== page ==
Review Blog

Dec 03 2010

Nicholas Dane by Melvin Burgess

cover image

Puffin, 2010. ISBN 9780141316338.
(Ages 16+) Recommended. Melvin Burgess has always pushed the boundaries in his writing. When he won the Carnegie medal for Junk in 1996 it made headline news, hardly surprising as it represented such a seismic shift in literature for young people. Subsequent novels also roused strong opinions, and Nicholas Dane will be no exception.
Set in the 1980s this is the harrowing story of Nick whose mother dies of a heroin overdose and who finds himself at the tender mercies of a group of so called teachers (all inadequate, bullying torturers) at a children's home. Burgess does not hold back. Details of child sex abuse, the skewed and damaged thought processes of paedophiles, the physical and emotional torture of children, drugs, prostitution and armed robbery all figure in this compelling novel.
Melvin Burgess is a genius at painting pictures with words. (I still shudder when I picture one of the characters in Junk cradling her baby while she injects heroin). This is an even tougher subject to write about for young people, and the line between adult and young adult is very hazy indeed. It is exceptionally well written; perhaps the only way Burgess could successfully handle such horrific storylines was to adopt a clinical almost documentary approach. Of course this factual style simply serves as a reminder that this story is embedded in the horrific experiences that real children endured at the hands of the so called care system.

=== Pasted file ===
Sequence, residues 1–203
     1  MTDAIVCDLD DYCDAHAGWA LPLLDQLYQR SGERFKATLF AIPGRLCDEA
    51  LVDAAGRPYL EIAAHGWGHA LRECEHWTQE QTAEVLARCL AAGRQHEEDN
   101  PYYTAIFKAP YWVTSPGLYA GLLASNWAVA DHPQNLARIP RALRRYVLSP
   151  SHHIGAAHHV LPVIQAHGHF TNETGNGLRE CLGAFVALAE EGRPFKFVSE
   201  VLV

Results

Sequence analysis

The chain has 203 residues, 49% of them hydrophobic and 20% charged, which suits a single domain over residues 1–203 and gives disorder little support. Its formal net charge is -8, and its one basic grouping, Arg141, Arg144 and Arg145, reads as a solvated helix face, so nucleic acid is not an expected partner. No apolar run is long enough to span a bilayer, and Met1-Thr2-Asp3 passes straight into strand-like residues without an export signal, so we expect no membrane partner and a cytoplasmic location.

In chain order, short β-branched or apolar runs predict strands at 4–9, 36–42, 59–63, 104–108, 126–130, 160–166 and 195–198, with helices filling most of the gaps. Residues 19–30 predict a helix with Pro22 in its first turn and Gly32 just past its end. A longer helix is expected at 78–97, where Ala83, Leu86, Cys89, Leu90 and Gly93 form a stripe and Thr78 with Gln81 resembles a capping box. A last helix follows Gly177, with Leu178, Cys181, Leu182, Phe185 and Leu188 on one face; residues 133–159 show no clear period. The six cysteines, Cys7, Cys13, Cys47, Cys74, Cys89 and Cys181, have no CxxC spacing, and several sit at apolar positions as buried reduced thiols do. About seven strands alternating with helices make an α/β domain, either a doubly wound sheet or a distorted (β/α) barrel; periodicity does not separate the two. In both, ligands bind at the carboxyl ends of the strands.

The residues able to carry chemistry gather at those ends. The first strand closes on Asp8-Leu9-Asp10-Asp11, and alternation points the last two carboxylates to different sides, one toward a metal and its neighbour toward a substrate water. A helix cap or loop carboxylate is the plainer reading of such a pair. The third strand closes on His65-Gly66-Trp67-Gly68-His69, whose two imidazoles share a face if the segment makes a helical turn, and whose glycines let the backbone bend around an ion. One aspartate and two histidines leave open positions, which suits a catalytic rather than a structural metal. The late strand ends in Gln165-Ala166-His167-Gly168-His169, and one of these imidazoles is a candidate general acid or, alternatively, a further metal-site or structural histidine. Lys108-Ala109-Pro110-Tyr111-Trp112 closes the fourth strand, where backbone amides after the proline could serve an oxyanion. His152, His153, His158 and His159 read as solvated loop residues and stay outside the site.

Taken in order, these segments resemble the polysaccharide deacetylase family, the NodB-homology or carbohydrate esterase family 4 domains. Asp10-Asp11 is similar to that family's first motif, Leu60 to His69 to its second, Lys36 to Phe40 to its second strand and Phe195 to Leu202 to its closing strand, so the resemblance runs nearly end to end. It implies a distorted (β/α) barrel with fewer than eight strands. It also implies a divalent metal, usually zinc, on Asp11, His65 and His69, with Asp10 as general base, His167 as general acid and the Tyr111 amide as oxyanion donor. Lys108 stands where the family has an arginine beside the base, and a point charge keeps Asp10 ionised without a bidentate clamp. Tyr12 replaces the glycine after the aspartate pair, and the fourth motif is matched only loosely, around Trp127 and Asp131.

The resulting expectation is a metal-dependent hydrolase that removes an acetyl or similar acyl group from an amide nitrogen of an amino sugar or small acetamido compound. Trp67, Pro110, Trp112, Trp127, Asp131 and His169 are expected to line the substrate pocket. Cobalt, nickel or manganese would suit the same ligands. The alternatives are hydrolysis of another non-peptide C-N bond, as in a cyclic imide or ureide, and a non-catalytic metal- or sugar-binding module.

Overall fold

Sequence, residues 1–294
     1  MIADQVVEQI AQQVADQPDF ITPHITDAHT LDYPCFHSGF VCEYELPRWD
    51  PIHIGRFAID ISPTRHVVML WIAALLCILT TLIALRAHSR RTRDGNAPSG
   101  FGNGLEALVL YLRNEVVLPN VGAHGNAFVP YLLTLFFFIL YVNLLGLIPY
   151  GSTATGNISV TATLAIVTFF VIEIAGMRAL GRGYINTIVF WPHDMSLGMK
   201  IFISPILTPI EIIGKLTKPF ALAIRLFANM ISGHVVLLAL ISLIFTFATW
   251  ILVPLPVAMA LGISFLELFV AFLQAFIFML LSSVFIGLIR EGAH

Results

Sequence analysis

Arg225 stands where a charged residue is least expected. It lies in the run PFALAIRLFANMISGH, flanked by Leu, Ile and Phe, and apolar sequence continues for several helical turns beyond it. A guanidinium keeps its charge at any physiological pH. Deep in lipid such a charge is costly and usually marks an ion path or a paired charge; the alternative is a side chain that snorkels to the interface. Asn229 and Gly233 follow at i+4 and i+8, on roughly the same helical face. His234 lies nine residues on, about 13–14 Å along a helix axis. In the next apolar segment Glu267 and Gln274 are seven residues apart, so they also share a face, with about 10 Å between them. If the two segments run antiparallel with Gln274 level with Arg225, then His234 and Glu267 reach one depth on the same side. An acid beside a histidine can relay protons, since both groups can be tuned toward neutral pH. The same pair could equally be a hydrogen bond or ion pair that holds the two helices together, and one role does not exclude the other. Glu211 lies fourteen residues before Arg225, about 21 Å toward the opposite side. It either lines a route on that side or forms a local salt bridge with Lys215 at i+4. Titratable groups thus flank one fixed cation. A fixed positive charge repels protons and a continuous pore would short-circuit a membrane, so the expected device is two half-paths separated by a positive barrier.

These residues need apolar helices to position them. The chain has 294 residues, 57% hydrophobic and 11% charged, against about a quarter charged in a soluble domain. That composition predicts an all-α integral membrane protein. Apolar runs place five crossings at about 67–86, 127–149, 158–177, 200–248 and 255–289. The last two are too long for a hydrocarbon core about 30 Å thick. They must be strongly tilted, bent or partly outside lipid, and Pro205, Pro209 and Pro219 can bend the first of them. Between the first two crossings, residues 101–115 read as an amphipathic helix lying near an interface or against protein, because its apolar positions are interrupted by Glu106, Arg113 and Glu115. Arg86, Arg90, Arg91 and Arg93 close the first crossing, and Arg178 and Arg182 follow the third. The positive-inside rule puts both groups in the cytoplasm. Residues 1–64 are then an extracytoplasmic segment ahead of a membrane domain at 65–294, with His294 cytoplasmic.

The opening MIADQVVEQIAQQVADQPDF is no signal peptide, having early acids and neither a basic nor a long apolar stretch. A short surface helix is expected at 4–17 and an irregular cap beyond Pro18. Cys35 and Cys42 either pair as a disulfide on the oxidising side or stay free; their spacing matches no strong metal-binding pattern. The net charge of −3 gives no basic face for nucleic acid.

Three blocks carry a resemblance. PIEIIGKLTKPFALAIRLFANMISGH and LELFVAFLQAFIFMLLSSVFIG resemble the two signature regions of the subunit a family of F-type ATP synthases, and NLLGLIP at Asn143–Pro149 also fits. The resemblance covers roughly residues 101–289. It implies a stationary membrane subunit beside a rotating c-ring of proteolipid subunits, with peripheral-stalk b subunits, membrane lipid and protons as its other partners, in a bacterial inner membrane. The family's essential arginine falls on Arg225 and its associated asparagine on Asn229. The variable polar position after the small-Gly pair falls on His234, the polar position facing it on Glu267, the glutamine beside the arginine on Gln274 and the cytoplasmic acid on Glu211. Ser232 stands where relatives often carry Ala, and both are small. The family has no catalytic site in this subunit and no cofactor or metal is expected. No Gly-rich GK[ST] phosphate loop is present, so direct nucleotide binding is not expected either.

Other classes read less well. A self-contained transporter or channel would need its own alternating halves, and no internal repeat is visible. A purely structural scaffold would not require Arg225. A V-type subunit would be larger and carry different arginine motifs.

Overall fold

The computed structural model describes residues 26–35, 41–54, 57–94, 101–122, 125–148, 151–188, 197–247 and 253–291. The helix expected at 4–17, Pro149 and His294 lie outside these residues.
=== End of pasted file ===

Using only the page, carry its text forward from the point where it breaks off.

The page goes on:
The trauma that Nick and his friends Oliver and Davy experience is hard to believe. Nick is a tough character and Burgess does not dwell in huge detail regarding the emotional cost of his abuse, but it's there in his attempts to blot out the horror with drugs and alcohol and in his total inability to build successful relationships. Oliver is perhaps the most tragic character. Groomed by paedophiles since a young age, he knows no other form of affection. The fact that he disappears and Nick fails in his attempts to find him leaves the reader to draw their own conclusions - lost in the care system, or murdered by paedophiles? We never find out.
I urge caution in sharing this book with young people. This is HEAVY reading, perhaps best adopted by a reading group, where the traumatic events can be chewed over and discussed. I haven't read anything as harrowing or deeply affecting since We Need to talk about Kevin, but of course that was written for adults.
Claire Larson

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